2

Note: A B C are commands.....

Please tell what the step process would be of these commands

A || B && C = 
A && B ; C = 

What I am really after is something like this (but would like to understand the steps above):

If A fails, then run B, but if A succeeds, then run C (How can I do this with "||" ";" and/or "&&"?)

I found information from this link, but it only shows the steps of 2 commands, not 3.... Which one is better: using ; or && to execute multiple commands in one line?

  • 1
    Try doing it with and if statement. – Eduardo Cola Jun 5 '15 at 17:49
  • @Eduardo Cola.. I don't think I can do this on iPhone Mobile Terminal... – R0tten Jun 5 '15 at 19:30
  • Then you should not be here, look for an Unix forum. – Eduardo Cola Jun 5 '15 at 19:31
  • Thank you @Eduardo Cola... I will finish up my last comment, let stand and look for a unix forum. – R0tten Jun 5 '15 at 19:36
  • @R0tten the iphone does have bash if you jailbreak, so you might be able to put this in a bash script and run it – Rumesh Jun 6 '15 at 3:00
3

Linguistically, you can think of statement1 && statement2 by itself as saying "execute statement1, and if its exit status is 0, then execute statement2." The other statement1 || statement2 syntax by itself translates to "execute statement1, and if its exit status is not 0, then execute statement2."

These operators are primarily intended for use within single conditions of if-constructs. But, they also have use in other places to compress confusing syntax.

The semicolon, ;, is just Bash's standard statement separator (e.g. it allows you to put two statements on the same line and run the 2nd immediately after the 1st, barring circumstances irrelevant to this explanation). Any statement after the semicolon will be interpreted nomatter the result (true/false) of the previous return value.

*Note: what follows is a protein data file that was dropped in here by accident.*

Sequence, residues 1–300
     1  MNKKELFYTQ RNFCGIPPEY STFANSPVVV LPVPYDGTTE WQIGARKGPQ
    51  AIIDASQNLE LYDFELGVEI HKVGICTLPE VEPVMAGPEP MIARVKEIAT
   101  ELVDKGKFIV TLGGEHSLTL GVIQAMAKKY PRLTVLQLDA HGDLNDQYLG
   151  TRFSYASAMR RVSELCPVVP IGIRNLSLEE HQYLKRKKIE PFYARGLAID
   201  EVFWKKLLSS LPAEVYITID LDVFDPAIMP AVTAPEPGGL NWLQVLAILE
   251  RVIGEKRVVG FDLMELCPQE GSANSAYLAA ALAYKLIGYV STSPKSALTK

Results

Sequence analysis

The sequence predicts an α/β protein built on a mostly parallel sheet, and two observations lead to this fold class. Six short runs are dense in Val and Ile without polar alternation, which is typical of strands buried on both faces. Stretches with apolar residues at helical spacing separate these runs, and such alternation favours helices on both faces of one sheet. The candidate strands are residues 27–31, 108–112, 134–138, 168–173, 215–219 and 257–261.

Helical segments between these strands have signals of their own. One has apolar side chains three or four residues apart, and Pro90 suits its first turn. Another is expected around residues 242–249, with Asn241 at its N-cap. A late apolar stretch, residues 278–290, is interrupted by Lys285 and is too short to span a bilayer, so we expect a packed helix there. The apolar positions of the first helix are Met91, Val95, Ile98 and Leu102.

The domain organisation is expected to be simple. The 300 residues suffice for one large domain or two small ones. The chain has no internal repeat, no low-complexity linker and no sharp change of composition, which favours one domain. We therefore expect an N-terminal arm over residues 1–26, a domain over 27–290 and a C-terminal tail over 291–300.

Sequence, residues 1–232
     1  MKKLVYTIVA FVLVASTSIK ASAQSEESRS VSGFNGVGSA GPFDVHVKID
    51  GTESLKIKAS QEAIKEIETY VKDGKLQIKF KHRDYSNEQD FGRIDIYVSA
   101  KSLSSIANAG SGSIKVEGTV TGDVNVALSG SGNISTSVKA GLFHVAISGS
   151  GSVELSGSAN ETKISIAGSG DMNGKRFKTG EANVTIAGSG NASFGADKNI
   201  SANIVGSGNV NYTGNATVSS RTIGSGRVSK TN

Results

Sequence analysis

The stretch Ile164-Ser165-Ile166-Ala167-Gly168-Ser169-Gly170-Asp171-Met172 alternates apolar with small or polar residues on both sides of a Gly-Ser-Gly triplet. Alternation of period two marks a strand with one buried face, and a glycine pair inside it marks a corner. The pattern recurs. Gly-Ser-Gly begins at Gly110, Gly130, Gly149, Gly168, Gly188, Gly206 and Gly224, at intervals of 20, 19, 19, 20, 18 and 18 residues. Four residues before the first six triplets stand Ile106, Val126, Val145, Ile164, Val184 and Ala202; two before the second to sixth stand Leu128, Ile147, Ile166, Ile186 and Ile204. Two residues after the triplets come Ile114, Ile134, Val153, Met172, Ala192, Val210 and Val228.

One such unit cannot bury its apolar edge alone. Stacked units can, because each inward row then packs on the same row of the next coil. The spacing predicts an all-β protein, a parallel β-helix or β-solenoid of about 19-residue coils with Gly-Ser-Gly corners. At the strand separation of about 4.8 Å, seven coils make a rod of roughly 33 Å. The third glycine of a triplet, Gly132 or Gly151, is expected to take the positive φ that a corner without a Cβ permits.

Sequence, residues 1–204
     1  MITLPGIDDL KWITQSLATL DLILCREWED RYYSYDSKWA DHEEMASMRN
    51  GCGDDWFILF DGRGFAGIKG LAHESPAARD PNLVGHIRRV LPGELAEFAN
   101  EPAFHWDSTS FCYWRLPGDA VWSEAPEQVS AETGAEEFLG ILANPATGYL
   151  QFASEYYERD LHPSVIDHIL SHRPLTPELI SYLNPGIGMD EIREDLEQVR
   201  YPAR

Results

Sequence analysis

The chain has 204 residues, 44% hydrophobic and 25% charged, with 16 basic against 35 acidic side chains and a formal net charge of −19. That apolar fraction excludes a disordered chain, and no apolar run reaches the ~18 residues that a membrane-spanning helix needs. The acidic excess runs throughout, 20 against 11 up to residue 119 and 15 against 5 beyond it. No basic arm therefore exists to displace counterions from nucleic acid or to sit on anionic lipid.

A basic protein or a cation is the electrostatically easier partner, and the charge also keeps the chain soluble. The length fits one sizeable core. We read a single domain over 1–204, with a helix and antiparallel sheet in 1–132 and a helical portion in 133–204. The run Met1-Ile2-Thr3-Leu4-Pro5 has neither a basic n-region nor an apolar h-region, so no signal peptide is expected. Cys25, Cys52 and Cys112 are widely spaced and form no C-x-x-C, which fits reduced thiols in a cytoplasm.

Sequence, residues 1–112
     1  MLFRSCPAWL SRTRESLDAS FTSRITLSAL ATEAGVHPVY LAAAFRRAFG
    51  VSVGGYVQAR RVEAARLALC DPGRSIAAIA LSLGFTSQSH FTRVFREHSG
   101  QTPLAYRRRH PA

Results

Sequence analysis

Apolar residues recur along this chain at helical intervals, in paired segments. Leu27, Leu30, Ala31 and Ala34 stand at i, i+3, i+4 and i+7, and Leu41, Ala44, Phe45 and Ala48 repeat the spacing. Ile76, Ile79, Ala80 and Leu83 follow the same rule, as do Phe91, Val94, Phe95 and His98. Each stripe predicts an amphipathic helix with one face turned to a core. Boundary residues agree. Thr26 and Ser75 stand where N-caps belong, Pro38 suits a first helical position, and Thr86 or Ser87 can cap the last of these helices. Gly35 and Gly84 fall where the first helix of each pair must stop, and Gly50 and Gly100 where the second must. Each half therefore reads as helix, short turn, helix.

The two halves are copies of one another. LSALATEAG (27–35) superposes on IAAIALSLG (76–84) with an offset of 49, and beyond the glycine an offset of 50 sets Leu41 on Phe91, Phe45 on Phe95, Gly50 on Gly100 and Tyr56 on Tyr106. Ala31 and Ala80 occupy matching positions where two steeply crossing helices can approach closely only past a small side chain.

If A fails, then run B, but if A succeeds, then run C (How can I do this with "||" ";" and/or "&&"?)

A && C || B

Let's test it out:

john@mypc:~/test$ ls
file-A.txt  file-B.txt  file-C.txt
john@mypc:~/test$ cat file-A.txt && cat file-C.txt || cat file-B.txt
file A content
file C content
john@mypc:~/test$ rm file-A.txt 
john@mypc:~/test$ ls
file-B.txt  file-C.txt
john@mypc:~/test$ cat file-A.txt && cat file-C.txt || cat file-B.txt
cat: file-A.txt: No such file or directory
file B content
john@mypc:~/test$

As you can see, file B's contents were only printed when printing file A failed. Before we deleted file A, its content printed successfully and only file C's content printed afterward.

On the other hand, ; symbols are agnostic of the previous return code. For example given three commands X, Y, Z, X && Y && Z will not execute statement Z if Y (or X) returns a non-zero exit code, whereas (for all intents and purposes) X ; Y ; Z will execute all three independent of command X and Y's exit codes.

  • I would love to say that this is very helpful (which I think it is) but is way over my head! Basically, is there a syntax that would do this?: If A fails, then run B, but if A succeeds, skip B and run C,d,e,f etc – R0tten Jun 5 '15 at 19:23
  • Am I right about this: A && C || B .....C will only run if A succeeds, and B will only run if C fails.....? This doesn't seem to be what I'm trying to do? Thank so much for helping me. – R0tten Jun 5 '15 at 19:29
  • No; A && C || B should perform as you originally desired. This stuff can get very confusing so I added a more concrete example to the answer. Hope it helps! – John E Jun 6 '15 at 2:22

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